• Agronomic Insights
  • Aug 22, 2023

Why Fall Burndown Beats Spring Weed Control

Sprayer on a recently harvested field.
As farmers in the Northern Plains know all too well, relying on fall tillage to break up weed pressure going into the winter comes with some risk, especially if you end up not working the fields. When dry field conditions force producers to leave fields with bare stubble to conserve moisture, they can face heightened weed pressure in the spring.
That’s why I always encourage making a burndown application in the fall when weeds are easiest to control. This is incredibly important for those who practice minimum/no-till and have a history of winter annuals.
So, why do some farmers shy away from making a fall burndown application? If I had to guess, I’d say most don’t want the added cost. This application comes when you have finally recouped input costs from the spring crop and are looking to purchase seed for next year. I understand this hesitation, but the weeds don’t care.

Fall Burndown Provides Efficacy at a Low Cost

The good news is that a fall burndown application doesn’t need to be complicated or expensive to be effective. In fact, even a late fall burndown made shortly before freezing is likely to provide far better results than a spring herbicide tank mix at a fraction of the cost.
Provided you’re planting a herbicide-resistant crop next spring, all you need to include in your burndown application this fall is glyphosate, a growth regulator like 2,4-D or dicamba to target glyphosate-resistant weeds and the appropriate adjuvant package. I usually recommend a tank mix containing the following products:  
For an average cost of about $25-30 per acre1, this application can wipe out most weed concerns leading up to winter and help prevent them from returning early next spring. Just be sure to consult your local WinField United retailer for assistance in determining the best product rates for your fields.

Is Residual Chemistry Needed?

If you’re planting a herbicide-tolerant crop next season, it isn’t necessary to include a residual herbicide in your fall burndown application unless you’re dealing with a complex weed issue. In most cases, you can just come back next spring and clean up newly sprouted weeds with the appropriate postemergent herbicide application.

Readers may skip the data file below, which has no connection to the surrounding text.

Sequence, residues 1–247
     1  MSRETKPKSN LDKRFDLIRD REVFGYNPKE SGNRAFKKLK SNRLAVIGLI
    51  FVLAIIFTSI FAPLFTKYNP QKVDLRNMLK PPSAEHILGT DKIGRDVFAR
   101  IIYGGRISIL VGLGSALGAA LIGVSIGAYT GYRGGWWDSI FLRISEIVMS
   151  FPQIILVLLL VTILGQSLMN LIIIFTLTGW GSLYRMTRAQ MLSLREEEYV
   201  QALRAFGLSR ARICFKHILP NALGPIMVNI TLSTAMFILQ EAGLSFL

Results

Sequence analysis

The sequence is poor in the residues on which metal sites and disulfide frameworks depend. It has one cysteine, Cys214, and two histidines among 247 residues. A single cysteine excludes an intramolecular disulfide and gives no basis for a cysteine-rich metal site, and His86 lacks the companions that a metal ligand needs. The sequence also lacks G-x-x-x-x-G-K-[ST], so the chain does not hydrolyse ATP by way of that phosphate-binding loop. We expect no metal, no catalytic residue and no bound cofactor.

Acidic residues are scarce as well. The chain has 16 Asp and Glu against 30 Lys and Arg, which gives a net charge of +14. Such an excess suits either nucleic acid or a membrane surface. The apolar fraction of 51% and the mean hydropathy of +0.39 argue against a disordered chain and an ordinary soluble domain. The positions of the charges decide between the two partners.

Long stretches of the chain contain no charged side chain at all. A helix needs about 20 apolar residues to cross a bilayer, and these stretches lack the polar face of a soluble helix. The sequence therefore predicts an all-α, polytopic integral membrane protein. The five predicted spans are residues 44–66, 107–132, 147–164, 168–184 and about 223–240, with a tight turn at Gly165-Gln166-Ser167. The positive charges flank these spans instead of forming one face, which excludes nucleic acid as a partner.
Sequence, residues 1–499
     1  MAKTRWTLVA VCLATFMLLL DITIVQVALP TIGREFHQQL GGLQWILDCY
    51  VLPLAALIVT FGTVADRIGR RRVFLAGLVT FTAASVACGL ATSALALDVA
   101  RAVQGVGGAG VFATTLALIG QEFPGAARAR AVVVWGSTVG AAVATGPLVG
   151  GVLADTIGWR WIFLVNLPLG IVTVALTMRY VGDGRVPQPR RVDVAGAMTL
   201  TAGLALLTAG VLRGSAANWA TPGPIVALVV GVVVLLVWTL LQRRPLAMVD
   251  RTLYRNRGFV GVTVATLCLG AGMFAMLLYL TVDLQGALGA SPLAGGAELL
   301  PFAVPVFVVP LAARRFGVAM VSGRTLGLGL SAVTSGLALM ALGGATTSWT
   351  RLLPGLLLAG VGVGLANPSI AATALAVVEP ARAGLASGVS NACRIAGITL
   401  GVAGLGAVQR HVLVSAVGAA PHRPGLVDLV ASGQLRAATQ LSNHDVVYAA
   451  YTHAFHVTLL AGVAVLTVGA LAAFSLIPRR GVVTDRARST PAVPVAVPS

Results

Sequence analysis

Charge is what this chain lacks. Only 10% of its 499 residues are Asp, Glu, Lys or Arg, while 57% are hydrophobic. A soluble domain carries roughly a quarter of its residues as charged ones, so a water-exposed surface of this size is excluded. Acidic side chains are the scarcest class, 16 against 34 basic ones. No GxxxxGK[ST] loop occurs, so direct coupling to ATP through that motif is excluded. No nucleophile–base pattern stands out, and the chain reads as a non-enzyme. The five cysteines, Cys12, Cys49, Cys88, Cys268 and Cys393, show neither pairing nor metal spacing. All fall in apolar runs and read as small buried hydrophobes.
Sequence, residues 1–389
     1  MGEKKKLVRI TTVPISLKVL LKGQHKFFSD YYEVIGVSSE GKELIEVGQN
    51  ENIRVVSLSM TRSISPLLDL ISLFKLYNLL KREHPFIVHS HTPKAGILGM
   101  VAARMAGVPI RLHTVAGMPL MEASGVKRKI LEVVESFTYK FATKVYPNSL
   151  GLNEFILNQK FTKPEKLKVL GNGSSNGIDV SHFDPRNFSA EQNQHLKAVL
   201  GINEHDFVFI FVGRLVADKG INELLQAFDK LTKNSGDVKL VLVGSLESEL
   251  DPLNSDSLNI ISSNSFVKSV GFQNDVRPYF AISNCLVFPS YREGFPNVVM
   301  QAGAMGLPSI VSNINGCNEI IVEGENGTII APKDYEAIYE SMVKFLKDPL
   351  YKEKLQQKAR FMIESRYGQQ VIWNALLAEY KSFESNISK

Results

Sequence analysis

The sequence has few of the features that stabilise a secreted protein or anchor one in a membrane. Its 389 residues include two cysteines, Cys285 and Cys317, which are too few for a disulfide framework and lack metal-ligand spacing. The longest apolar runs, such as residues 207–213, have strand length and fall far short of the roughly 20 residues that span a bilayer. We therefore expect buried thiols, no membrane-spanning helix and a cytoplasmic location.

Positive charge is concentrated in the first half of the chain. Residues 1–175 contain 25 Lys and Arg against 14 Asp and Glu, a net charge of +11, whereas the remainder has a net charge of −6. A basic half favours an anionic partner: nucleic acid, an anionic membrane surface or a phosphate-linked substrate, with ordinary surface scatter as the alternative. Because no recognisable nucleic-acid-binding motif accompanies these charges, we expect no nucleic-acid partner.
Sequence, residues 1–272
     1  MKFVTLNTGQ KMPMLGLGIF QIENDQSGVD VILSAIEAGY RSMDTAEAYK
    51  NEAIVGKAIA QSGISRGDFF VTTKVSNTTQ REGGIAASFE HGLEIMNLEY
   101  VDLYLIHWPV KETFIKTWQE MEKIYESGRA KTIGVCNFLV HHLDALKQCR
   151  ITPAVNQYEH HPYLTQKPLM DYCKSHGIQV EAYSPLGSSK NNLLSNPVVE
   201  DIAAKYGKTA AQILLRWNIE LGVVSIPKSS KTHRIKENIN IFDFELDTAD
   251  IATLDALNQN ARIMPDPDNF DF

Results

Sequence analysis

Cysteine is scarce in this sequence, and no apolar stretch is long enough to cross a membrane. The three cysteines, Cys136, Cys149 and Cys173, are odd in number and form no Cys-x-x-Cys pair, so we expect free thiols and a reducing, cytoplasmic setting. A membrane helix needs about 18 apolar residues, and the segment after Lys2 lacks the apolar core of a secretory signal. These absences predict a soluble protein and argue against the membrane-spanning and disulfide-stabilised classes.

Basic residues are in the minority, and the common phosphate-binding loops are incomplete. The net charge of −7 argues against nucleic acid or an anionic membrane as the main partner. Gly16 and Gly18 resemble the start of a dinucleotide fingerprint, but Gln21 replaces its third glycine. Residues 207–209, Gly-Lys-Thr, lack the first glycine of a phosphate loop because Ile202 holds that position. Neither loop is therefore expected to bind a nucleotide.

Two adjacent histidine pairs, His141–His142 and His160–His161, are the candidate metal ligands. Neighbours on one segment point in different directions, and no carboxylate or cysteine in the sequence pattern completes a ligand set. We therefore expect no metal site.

But if you’re planting a conventional crop, wheat on no-till or minimum-till acres, or pulse crops like peas, lentils, chickpeas or dry edible beans, it’s best to include a fall residual product in your burndown tank mix. An effective flumioxazin option like Valor® herbicide applied in the fall will continue to suppress marestail, narrowleaf hawksbeard and downy brome in the spring.

The Downsides of Relying on a Spring Application

Wheat producers who practice minimum/no-till and skip a burndown application this fall will be forced to deal with broadleaf weeds and downy brome next spring. Pyroxsulam products like OpenSky® and GoldSky® herbicides are the best options for controlling downy brome on wheat and other cereal crops. Everest® 3.0 herbicide also offers residual control, but it isn’t used as often as the others due to its longer rotational restrictions.
Whichever of these products you choose, relying on it for your spring herbicide application will cost about $30 per acre1. You’d hope to get excellent control for that investment, but these tank mixes are not a silver bullet. Since weeds that started growing in fall are larger and harder to manage come spring, farmers are often disappointed by the modest results they attain.
Choosing between spending $25-30 per acre this fall when weeds are smaller and easier to control or waiting until weeds are larger and potentially more costly to eradicate is a no-brainer. Depending on the size of your operation, you can save on input costs with a fall burndown application, all while receiving better results.

Timing is Important, But Not an End All

The best time to make your fall burndown application is when weeds germinate after harvest, generally mid-September in the Northern Plains. But, as I implied earlier, you can still achieve adequate control if you apply a fall burndown before the first heavy freeze or even post freeze if warmer temperatures return for an extended amount of time before winter ultimately arrives.
I saw firsthand what a late application can do last fall when I made a burndown application on some volunteer wheat in a local grower’s field. As it turned out, it snowed the next day and didn’t end up melting off until spring. I thought that application would be a lost cause, so imagine my surprise when I saw excellent results in the spring. In addition to eliminating the volunteer wheat, there were perfect strips of black soil where we sprayed, but carpets of cheatgrass had started growing in the unsprayed border areas.
If you’re tired of large weeds and winter grasses outlasting your spring herbicide treatment and reducing your yield potential, consider making a burndown application this fall. Your local WinField United retailer will help custom tailor the right tank mix for your operation.
1 Per acre herbicide application costs are supplied only as an estimate and will vary depending on current pricing and rates.
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